Posts Tagged foundation paper piecing
Last year I mentioned that Anne Lawson, a talented botanical artist, instigated a sketchbook which would start with her in Australia and make its way around the World to interested parties who signed up for the project and, at each stage of the journey, a new entry would be made. As everybody who signed up for it is a woman, it became known as ‘The Sisterhood of the Travelling Sketchbook’. I believe there have been others but this one – our one – began life in the Spring of 2016.
I cannot draw or paint to save my life, nor have I ever attempted to write poetry, but I knew that other media was acceptable so thought I’d join in for fun. Then I started dreading its arrival when I saw the standard of entries as they were added to the book then recorded online. The sketchbook finally arrived in France last week – people have been taking their time enjoying the book and considering what to contribute and, despite having considered other options, I decided to go with my first idea. I have taken photographs of most of the entries but didn’t take the book to pieces – too scared – so apologies to the sisterhood if I’ve cut a piece off or haven’t done their piece justice with my photography.
Click on the name beneath the images to go to the contributor’s website.
The sketchbook started and will end with Anne who set the bar high with her sketch of Kakadu Escarpment along with her garlic and lilies that adorn the front and back covers.
by Anne Lawson
Staying in Australia and up to Queensland to Kate who added this delightful paper pieced patchwork feather together with the lovely words beneath.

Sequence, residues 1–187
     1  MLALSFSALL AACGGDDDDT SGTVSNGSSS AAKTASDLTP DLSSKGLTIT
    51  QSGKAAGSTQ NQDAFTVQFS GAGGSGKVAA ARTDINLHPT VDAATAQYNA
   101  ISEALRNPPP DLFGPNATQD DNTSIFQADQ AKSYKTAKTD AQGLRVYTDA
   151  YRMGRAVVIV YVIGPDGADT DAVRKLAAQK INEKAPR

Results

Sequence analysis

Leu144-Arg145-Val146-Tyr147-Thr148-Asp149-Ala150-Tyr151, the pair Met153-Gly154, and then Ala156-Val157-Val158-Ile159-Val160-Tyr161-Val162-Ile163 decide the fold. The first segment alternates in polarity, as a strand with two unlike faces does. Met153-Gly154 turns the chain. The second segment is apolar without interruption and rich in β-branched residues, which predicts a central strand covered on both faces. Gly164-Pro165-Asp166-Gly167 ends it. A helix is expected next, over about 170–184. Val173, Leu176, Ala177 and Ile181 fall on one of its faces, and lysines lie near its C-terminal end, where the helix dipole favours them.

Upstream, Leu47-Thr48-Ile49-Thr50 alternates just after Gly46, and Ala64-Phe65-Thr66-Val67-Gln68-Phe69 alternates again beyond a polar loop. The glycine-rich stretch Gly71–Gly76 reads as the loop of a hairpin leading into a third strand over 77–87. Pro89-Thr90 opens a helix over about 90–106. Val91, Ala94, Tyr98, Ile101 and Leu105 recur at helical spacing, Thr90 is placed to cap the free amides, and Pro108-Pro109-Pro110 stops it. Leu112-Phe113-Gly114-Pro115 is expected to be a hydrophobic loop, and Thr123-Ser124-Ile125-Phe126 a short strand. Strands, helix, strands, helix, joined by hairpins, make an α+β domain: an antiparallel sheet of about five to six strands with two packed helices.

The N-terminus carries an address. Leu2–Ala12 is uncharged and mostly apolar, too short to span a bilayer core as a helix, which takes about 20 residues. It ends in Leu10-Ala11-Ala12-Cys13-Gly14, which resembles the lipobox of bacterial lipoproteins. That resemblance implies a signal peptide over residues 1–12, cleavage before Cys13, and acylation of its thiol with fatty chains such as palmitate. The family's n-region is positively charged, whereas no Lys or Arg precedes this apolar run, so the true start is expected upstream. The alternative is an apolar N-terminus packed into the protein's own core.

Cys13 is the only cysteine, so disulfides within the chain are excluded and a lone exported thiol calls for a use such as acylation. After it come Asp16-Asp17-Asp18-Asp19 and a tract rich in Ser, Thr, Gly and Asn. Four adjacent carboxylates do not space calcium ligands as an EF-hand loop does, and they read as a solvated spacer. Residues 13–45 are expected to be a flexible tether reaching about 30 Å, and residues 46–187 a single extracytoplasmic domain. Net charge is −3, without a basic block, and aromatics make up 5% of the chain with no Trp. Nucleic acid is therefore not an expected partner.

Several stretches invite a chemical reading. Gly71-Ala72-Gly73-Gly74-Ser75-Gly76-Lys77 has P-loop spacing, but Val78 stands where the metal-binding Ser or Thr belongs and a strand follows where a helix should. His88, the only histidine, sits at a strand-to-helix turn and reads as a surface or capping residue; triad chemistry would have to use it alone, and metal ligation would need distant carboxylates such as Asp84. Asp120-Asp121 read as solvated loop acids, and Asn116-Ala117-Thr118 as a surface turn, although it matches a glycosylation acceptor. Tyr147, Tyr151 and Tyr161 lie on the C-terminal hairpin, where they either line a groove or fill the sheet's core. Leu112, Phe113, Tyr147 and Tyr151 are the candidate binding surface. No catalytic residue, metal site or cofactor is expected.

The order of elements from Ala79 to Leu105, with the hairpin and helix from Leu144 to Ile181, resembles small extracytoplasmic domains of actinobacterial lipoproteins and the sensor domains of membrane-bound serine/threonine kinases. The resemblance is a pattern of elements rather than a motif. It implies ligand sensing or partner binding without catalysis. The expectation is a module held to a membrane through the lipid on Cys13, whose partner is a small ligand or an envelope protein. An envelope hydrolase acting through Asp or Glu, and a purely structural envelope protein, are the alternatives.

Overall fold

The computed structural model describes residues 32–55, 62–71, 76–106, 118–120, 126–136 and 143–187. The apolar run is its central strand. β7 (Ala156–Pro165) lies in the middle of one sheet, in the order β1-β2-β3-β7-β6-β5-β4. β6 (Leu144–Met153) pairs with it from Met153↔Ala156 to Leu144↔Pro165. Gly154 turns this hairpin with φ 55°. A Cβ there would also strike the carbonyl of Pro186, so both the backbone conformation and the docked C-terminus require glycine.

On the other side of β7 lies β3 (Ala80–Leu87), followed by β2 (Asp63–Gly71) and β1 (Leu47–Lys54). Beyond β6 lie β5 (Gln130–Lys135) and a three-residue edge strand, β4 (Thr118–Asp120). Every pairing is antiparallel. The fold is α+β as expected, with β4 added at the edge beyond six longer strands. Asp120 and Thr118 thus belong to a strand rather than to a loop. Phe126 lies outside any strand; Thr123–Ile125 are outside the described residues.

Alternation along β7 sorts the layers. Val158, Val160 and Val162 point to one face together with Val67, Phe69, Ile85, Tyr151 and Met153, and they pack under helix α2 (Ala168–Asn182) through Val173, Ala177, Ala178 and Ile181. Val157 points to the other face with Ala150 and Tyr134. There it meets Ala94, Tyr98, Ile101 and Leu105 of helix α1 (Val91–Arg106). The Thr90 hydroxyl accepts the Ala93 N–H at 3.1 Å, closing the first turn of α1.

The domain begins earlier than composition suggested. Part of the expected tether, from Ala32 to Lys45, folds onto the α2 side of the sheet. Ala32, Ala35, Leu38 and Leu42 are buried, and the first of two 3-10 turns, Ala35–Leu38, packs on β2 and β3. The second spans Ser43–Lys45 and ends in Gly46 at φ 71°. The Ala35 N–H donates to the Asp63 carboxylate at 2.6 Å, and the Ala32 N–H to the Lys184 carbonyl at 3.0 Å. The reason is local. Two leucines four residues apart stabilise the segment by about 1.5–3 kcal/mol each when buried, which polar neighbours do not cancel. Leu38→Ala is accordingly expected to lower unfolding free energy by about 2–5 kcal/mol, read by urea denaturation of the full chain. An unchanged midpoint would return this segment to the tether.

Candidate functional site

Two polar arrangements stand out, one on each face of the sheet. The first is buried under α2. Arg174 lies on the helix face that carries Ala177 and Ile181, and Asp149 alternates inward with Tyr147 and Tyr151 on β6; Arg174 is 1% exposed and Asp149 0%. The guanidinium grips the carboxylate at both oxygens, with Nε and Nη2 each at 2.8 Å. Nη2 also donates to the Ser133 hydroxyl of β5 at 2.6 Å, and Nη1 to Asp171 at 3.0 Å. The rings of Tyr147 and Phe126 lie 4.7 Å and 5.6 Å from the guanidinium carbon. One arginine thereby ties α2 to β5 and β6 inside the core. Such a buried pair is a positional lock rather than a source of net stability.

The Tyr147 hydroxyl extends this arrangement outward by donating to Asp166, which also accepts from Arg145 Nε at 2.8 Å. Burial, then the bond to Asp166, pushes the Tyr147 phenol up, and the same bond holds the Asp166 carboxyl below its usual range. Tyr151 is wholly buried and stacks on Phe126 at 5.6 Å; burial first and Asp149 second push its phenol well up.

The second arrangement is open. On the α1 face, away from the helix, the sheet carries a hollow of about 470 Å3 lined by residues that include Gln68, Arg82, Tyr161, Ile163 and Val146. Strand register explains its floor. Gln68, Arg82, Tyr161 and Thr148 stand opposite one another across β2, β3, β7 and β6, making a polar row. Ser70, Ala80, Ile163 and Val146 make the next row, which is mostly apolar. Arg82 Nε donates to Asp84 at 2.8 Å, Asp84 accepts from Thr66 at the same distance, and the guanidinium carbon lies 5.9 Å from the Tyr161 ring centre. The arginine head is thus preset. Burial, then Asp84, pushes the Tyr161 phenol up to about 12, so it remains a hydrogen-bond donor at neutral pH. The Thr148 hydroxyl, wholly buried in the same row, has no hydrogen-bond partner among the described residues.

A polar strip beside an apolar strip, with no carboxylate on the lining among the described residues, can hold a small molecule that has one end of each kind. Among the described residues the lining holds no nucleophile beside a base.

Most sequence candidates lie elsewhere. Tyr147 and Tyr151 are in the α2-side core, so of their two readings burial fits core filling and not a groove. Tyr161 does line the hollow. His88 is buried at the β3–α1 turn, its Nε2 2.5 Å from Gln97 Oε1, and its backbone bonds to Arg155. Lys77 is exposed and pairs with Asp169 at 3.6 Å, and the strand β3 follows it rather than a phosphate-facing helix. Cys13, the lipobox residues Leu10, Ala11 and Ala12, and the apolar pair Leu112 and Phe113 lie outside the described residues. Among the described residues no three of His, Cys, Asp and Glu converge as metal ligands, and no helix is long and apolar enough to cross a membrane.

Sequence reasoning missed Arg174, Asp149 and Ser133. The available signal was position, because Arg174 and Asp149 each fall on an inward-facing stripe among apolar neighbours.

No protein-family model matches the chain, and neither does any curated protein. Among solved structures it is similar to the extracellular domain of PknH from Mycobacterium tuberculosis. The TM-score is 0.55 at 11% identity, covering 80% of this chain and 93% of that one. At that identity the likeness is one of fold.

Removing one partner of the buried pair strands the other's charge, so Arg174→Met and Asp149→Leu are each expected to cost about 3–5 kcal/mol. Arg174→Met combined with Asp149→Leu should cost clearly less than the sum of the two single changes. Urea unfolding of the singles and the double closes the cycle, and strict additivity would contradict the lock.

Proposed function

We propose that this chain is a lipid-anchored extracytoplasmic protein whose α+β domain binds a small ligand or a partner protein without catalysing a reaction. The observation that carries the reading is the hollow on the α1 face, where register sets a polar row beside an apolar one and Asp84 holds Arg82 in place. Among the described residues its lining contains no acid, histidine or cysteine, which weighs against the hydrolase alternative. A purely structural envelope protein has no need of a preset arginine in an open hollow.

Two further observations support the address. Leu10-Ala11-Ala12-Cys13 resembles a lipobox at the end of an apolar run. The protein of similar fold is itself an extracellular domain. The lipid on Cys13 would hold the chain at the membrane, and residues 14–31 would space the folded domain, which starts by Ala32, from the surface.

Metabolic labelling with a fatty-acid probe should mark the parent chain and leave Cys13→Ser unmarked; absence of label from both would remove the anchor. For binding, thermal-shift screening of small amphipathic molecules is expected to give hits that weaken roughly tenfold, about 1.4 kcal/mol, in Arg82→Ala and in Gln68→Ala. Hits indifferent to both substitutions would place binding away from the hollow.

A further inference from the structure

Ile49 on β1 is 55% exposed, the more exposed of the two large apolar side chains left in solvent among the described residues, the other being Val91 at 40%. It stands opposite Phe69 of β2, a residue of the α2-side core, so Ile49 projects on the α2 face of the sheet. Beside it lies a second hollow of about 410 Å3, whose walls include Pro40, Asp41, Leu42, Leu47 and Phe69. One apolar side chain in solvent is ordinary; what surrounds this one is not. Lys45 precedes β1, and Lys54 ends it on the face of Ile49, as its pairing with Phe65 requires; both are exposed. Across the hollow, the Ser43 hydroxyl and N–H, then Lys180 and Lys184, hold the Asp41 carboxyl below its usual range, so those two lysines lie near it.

Staying in Queensland for a tasty, beautifully illustrated Ratatouille recipe from Sandra.
Moving back down to Victoria, Chas created this brilliant cycling trail map to show us some of the sights to be seen from a bicycle on the way to Melbourne’s National Gallery. This is a long, fold out map so I’ve just included a small detail.
The last stop for the sketchbook in Australia was with Sandi Worrall -Hart who wrote a beautiful poem called ‘ The Explorer’ which you can see included in the collage below cleverly compiled by Alys from all the entries so far in the book at the time it reached her in the United States.
From California to Mount Vernon where Sue added these gorgeous mixed media pieces using fabric, beads, thread and charms.
Over to Ushasree in Indianapolis for an eyecatching and colourful collage of small delights
Then a trip over to Europe and Greece with this take on the naming of Athens.
From Greece to Germany where Constanze produced this lovely textile piece which reflects the snowy landscape around her as she created her entry for the sketchbook.
The sketchbook should have stayed in Germany for another entry but, unfortunately, Annett is struggling with some health problems at the moment and didn’t feel able to contribute – we wish her well and hope she’ll be able to join in next time, should there be one!
So, to France and to me.
I’ve told you I can’t draw or paint. Kate, Sue and Constanze had already done perfectly lovely works in textiles and fabric so what to do? I thought about something knitted or even a bit of crochet but it would have to be something quite tiny and relevant. Back in 2016 I attended a workshop on freehand machine embroidery and my plan was to practice and practice and produce something lovely for when the sketchbook arrived at my door. Time passed – quickly as usual – and I didn’t get to practice as much as I would have liked but freehand embroidery is a forgiving craft and I hope I’ve produced something – though ‘naive’ (polite talk for ‘simple’) – that sort of enters into the spirit of the sketchbook, using thread instead of a pencil.